Ed Greenwood is best known by fans of fantasy novels and gaming as the bearded creator of the Forgotten Realms universe for Dungeons and Dragons. Over the past 30 years, Greenwood, who lives in an old farmhouse in eastern Ontario, has published more than 200 fantasy and science-fiction novels. This fall, he is launching an unconventional publishing group of his own, called The Ed Greenwood Group (TEGG), where he will focus on titles—as well as games and art—involving newly created fantasy worlds.
Kobo announced on Tuesday that it has signed the media retailer chain Librerias Gandhi and the publisher/retailer Libreria Porrúa as retail partners in Mexico. The booksellers will carry Kobo hardware in-store, and Kobo will power an ebookstore on the retailers' respective websites.
Creatives are challenging to manage “because it isn’t in their nature to conform.” This article first appeared in Publishing Perspectives' 2015 Global Publishing Magazine. Download and read the magazine here. By Mark Piesing “Arrogant.” “Oversensitive.”…
Entitle is one of the many companies now participating in the entire Netflix for e-books concept. They never managed to standout in a crowded marketplace that includes Amazon, Scribd and Oyster and never generated enough revenue to stay in business. Starting July 21st 2015, Entitle will be closing and they are recommending their existing customers join Scribd.
The International Publishers Association (IPA) and the Federation of European Publishers (FEP) have released a report detailing the VAT rates on print and digital books around the world, which “reveals wide contrasts between print and digital, as well as between nations and between regions.”
In the US, Vintage printed 1.25m first-run copies of Grey, the latest novel from Fifty Shades author EL James. Before it was even released last week, the book topped both online and print bestseller lists, based on presales. These numbers are a reminder of why James’s publishers were so keen to see her add another title to her softcore saga, but also of why James got published in the first place: the explosive popularity of her online writing, which guaranteed a readership, and a good backstory, when she eventually arrived in print. Publishers have been hunting for online sensations ever since, and as the stakes have got bigger, the audience new acquisitions bring with them has needed to grow bigger too.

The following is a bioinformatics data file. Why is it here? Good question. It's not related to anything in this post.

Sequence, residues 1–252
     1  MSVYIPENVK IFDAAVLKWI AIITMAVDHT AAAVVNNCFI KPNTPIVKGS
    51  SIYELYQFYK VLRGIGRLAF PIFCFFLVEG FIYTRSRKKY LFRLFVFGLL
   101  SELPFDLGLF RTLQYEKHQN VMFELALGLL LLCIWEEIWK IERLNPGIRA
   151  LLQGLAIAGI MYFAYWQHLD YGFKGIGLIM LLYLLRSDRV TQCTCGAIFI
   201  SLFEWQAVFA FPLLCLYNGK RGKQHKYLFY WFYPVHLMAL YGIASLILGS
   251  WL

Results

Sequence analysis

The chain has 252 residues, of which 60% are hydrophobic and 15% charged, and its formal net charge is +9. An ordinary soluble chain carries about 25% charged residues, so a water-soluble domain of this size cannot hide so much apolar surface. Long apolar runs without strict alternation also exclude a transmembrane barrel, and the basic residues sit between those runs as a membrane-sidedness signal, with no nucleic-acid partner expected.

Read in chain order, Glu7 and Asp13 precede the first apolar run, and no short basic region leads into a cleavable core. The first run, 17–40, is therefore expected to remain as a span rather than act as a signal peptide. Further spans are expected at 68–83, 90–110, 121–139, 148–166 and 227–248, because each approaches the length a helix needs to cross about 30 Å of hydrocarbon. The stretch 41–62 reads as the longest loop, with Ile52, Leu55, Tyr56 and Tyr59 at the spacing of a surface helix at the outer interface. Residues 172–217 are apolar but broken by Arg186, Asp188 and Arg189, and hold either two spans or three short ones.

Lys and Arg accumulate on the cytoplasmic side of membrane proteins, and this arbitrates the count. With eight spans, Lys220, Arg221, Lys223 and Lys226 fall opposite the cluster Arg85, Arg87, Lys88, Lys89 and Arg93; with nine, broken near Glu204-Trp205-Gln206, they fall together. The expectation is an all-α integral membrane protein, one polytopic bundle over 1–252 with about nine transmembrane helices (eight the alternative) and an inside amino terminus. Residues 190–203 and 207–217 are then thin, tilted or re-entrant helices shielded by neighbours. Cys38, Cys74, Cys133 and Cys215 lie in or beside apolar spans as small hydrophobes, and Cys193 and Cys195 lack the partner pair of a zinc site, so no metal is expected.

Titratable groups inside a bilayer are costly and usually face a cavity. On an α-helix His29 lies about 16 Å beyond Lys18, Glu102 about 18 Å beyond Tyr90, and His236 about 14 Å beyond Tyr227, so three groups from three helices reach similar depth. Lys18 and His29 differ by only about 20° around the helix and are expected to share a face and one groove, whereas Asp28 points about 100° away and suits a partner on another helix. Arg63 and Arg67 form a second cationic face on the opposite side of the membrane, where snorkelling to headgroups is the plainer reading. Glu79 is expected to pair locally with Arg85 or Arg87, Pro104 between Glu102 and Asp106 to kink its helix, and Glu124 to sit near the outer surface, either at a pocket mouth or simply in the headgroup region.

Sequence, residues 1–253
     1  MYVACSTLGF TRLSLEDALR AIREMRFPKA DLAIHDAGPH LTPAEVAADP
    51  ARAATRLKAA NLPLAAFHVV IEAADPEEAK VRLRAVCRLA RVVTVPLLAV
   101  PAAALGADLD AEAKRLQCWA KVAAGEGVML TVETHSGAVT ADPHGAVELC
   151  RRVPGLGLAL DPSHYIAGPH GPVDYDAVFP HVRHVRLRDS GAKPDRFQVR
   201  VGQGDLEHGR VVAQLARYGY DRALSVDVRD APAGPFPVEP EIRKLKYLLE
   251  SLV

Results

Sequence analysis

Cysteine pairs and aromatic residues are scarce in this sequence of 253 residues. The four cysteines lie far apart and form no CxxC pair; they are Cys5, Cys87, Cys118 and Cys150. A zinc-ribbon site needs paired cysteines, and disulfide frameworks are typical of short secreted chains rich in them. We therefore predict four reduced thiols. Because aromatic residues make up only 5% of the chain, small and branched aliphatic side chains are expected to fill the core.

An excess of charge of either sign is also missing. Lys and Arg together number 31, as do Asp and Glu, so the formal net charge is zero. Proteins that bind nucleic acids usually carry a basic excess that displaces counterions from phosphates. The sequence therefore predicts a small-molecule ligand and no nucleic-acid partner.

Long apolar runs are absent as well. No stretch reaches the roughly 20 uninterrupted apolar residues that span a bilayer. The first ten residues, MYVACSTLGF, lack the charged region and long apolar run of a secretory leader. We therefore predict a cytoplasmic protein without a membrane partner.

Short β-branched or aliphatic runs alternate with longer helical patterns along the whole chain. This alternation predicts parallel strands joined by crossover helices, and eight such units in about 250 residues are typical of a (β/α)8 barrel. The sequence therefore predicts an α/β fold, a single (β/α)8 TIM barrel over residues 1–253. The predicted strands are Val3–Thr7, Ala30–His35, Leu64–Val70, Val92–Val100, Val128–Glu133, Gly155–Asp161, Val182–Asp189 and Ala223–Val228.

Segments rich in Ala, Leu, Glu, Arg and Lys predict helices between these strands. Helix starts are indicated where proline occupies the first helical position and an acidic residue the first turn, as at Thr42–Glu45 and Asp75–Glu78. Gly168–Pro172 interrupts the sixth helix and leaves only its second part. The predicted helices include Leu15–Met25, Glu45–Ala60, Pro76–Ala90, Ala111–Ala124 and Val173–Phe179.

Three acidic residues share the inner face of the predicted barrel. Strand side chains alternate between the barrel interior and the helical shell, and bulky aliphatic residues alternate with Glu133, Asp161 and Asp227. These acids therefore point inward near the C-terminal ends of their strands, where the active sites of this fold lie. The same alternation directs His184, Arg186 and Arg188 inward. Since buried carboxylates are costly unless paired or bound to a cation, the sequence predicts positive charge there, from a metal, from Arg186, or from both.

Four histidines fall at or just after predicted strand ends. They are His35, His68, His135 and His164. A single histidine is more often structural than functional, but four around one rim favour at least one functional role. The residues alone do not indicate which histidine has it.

If you are looking to save some money on e-books Kobo has you covered. The company has just launched a new Twitter account that puts the priority on deals and discounts. From the looks of things they are not limiting their digital promos in just one country, but hype things that readers in Australia, Canada and the United Kingdom would like to read.
Bobby Nayyar, publisher of the UK's Limehouse Books, offers three strategies for open and fair hiring, as well as improving diversity in publishing. Editorial by Bobby Nayyar The biggest lesson I’ve learned running my own…
Capital New York reports that the NYC Board of Education is about to award Amazon a five-year, $64.5 million contract for the retailer to run an ebook marketplace where public schools would buy ebooks.
The first printing run of Go Set a Watchman by Harper Lee has missing text on the last few pages from the initial printing run. HarperCollins who published the book has blamed it on a printing error. Customers who ordered it online from companies like Amazon are promised a new copy with the corrected text will be mailed out soon.
The Netherlands has seen a 25% increase in e-book sales compared to the same period in 2014. One of the big proponents of growth are e-book subscription sites such as Elly’s Choice. Subscriptions accounted for 38% of total e-book sales last quarter.
The retailer has quietly launched a new way for readers follow their faves. Not quite a blog's RSS feed and not quite a social network account, Amazon Follow lets fans stay abreast of an author's latest activity.
On the other hand, they don’t drip turkey juice on your carpentry, or cut your hand and screw up your grip because the saw blade and humidity gauge had to go somewhere. A good screwdriver does just one thing, and no other tool does that thing better.
With growth in ebook sales slowing, we seem to be reaching a point where digital and printed books can live in harmony. Will the same ever be said for publishers, booksellers and librarians? Not if the response to the latest e-lending pilot is anything to go by.
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